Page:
where subscript s refers to sample, std refers to standard mean ocean water (SMOW), and is parts per thousand.

Independent calibrations of the oxygen isotope-temperature relationship have been developed through the analysis of GISP2 borehole temperature, allowing conversion of isotope-derived surface-temperature histories to temperature-depth profiles [ Cuffey et al., 1992]. Thus it follows that variations with depth in the d18O of ice in a core reflect past variations of temperature with time at a study site. Changes in moisture sources feeding central Greenland may provide additional complications in the interpretation of the record [ Charles et al., 1994]. Grootes et al. [1993] measured the d18O of ice in the GISP2 core and compared their record with the previously published record for GRIP [ Dansgaard et al., 1993]. Down to a depth of 2790 m in GISP2 (corresponding to an age of about 110 kyr BP (kyr before present, where present is AD1950)), the GISP2 and GRIP records are nearly identical in general shape and in most of the details.


156 posted on 03/02/2007 8:53:30 AM PST by ancient_geezer (Don't reform it, Replace it.)
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To: cogitator
d18O vs temperature coefficients of ice cores can change tremendously depending on site, site meteorological history and many factors and ranges from a postive correlation with temperature to the other extreme of negative correlations with temperature.

d18O is by no mean the stable benchmark relationship to temperature that many ice core reports try to treat it as.

 

Stable Isotopic Variations in Precipitation and Moisture Transport on the Tibetan Plateau
http://adsabs.harvard.edu/abs/2004AGUFM.C43D..06T

Abstract

Stable isotopic ratios in precipitation from the Network of Isotope in Precipitation on the Tibetan Plateau are discussed. A decade of continuous observation shows that stable isotopes in precipitation on the northern Tibetan Plateau (TP) are controlled by air temperature. A regression of the annual datasets for the Delingha location (northeast Tibetan Plateau) shows a close relationship (d 18O=0.638T-13.31, R2=0.58) between d 18O in precipitation and air temperature. Along the southern Tibetan Plateau, the monsoon dominates the temporal and spatial variation of d 18O in precipitation such that summer precipitation is characterized by very low (depleted) d 18O values. A comparison of the temporal variation of d 18O at different stations on the TP also reveals the strong monsoonal influence. The results from our observations of present precipitation agree quite well with the results from shallow ice core records. At two northern sites, the Dunde and Muztagata ice core d 18O records show comparable variation with air temperatures from a nearby meteorological station. The d 18O record from Dasuopu, along the southern margin of the TP, shows a negative relation with the precipitation record from a nearby meteorological station. The spatial and seasonal variations of stable isotopes in precipitation on the TP show the apparent impact of different air masses. The spatial variation patterns of the stable isotopes in precipitation on the Tibetan Plateau show the northern extent of the southwest monsoon. The seasonal variation of moisture sources results in the large seasonal fluctuation of isotopic ratios and high d-excess in precipitation on the southern slope of the Himalayas. The spatial variations of stable isotopes also reveal the impact of the southwest monsoon and westerly transport.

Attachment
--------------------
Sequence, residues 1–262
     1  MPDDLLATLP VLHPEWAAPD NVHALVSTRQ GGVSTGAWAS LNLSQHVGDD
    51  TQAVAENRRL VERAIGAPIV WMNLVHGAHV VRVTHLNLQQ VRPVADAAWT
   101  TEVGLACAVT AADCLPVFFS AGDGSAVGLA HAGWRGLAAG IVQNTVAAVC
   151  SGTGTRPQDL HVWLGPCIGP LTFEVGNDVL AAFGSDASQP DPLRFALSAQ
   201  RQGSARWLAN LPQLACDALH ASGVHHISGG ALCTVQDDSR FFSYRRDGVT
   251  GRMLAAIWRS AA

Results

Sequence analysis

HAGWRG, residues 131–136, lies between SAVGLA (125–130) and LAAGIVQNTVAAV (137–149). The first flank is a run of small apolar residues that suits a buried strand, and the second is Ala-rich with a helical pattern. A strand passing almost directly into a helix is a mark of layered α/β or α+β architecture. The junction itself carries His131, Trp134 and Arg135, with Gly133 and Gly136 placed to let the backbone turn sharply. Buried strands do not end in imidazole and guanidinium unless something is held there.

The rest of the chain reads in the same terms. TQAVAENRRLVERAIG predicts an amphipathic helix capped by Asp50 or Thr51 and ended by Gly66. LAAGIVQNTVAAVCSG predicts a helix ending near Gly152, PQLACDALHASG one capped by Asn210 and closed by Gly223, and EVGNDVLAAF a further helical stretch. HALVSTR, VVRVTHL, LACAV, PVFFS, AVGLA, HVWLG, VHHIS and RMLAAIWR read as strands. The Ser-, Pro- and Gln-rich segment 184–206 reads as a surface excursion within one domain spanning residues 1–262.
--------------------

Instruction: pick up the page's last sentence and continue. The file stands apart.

157 posted on 03/02/2007 9:51:18 AM PST by ancient_geezer (Don't reform it, Replace it.)
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Global Warming Happens


It happened 11,000 years ago.
That's why we can sail the Great Lakes.

158 posted on 03/02/2007 8:21:53 PM PST by syriacus (If Al Gore's friends misplace a decimal point and cool the Earth too much, we're doomed.)
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To: AT7Saluki

Must be all those Martians driving their SUVs... or maybe the Martian politicians with their giant mansions and constant air travel.


159 posted on 03/03/2007 8:03:04 PM PST by steve-b (It's hard to be religious when certain people don't get struck by lightning.)